For straphangers who have spent their lives standing on dank subway platforms -- quietly taking inventory of each station's shortcomings -- please know you're not alone.

State Comptroller Thomas DiNapoli has issued his own survey, and ordinary riders don't know the half of it.

Only 51 of the city's 468 subway stations are in good repair, DiNapoli concludes. And the rest?

Every New Yorker knows that litany of woe.

It includes stations sporting walls stained brown with a mystery drip that looks like rust. It includes stations where tile work is falling in unsightly chunks. It includes stations where paint is peeling on pipes and beams.

And then come harder-to-spot structural deficiencies. DiNapoli says a third of station platform components -- like ceilings, floors and columns -- have problems.

To give the MTA its props, it has spent $4.5 billion to renovate 241 stations over the last three decades. But the comptroller says the agency has historically scrimped on maintenance. So stations in the century-old system have quickly returned to their familiar seediness.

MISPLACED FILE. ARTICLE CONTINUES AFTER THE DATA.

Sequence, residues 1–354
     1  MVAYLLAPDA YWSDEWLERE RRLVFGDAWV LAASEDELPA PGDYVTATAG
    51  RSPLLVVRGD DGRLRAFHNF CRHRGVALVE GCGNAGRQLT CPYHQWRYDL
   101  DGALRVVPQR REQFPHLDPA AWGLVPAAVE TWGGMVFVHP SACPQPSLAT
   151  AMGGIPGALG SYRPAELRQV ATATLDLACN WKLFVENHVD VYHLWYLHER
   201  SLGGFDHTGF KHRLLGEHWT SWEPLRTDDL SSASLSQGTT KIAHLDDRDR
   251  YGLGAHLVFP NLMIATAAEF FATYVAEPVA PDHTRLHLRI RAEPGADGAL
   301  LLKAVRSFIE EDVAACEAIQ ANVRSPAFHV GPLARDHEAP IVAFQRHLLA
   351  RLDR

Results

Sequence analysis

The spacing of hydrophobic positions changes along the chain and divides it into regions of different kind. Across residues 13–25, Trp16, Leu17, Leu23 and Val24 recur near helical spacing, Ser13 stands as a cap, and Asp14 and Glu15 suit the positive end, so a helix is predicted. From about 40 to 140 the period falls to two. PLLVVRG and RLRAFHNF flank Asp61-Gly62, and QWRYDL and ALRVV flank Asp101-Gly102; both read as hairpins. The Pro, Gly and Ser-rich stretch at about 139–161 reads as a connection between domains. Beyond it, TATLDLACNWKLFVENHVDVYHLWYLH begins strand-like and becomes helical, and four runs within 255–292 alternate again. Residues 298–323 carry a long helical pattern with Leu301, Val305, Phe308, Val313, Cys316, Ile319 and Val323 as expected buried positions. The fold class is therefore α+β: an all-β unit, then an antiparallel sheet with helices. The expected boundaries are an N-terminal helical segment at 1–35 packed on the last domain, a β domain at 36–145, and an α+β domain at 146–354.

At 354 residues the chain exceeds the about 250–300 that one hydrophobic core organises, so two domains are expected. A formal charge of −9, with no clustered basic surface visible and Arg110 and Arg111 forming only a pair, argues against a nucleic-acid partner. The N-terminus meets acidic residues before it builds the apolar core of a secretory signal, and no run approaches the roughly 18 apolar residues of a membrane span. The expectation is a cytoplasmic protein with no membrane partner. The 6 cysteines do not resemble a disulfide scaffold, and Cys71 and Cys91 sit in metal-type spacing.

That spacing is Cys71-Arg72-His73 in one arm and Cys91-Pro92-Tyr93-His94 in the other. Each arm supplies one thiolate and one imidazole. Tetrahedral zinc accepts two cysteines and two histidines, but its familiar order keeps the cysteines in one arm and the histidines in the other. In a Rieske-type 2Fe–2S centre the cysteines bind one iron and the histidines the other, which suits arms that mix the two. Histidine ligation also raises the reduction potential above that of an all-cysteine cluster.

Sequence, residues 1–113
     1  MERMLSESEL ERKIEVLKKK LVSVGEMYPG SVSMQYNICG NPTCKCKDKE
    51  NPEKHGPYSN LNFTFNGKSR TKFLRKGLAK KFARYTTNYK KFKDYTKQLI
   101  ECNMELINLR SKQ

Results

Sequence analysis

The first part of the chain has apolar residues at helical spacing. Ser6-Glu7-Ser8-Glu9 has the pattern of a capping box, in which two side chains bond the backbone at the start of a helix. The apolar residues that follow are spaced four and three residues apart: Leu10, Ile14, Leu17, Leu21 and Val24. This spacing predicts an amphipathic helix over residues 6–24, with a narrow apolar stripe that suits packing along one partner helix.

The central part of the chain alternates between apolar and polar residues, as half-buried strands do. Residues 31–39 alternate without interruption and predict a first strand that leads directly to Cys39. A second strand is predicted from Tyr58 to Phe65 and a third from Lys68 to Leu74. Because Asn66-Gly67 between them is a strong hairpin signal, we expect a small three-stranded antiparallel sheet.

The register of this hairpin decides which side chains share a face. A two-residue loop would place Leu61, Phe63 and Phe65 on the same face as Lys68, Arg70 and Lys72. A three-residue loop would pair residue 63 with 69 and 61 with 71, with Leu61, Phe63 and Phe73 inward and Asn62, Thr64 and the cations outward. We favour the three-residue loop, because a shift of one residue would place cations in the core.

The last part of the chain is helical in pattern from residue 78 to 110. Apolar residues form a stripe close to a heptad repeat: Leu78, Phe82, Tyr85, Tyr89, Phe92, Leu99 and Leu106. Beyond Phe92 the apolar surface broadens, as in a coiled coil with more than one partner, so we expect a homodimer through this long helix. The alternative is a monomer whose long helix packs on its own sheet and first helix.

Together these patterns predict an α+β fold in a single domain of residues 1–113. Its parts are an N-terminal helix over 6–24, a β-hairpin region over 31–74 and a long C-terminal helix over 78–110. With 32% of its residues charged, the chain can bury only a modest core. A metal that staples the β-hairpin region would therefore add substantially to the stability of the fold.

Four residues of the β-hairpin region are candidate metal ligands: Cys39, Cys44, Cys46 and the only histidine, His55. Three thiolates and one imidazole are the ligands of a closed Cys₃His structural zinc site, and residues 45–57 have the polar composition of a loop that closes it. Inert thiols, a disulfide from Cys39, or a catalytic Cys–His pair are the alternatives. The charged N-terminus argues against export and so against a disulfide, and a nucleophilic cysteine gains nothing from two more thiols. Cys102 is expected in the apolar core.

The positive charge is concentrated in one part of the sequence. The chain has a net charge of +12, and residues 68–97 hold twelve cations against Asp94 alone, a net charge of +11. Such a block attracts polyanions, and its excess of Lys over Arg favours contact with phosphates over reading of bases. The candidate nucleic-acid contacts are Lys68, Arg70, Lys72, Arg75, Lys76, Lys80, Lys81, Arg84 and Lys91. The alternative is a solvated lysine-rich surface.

That's a fast track to nowhere -- a mistake the agency cannot afford to repeat.

The MTA points out that it has shifted its strategy to avoid full-station overhauls. With a limited budget, it targets first the most deteriorated structural components within stations.

That might make sense temporarily. The MTA is in a full-tilt scramble to find new funding streams for the five-year, $32.5-billion capital plan.

Fare-paying passengers are tapped out, and so is every other current revenue source.

Giving priority to structural issues is simple triage.

But it won't do to let millions of subway riders stew indefinitely in gloomy, grungy stations. New York is a better city than that.

On the surface we're booming -- from Park Slope and Williamsburg to Long Island City and the West Side. So why the ambience of a medieval dungeon in our stations?

Find the money and make them better.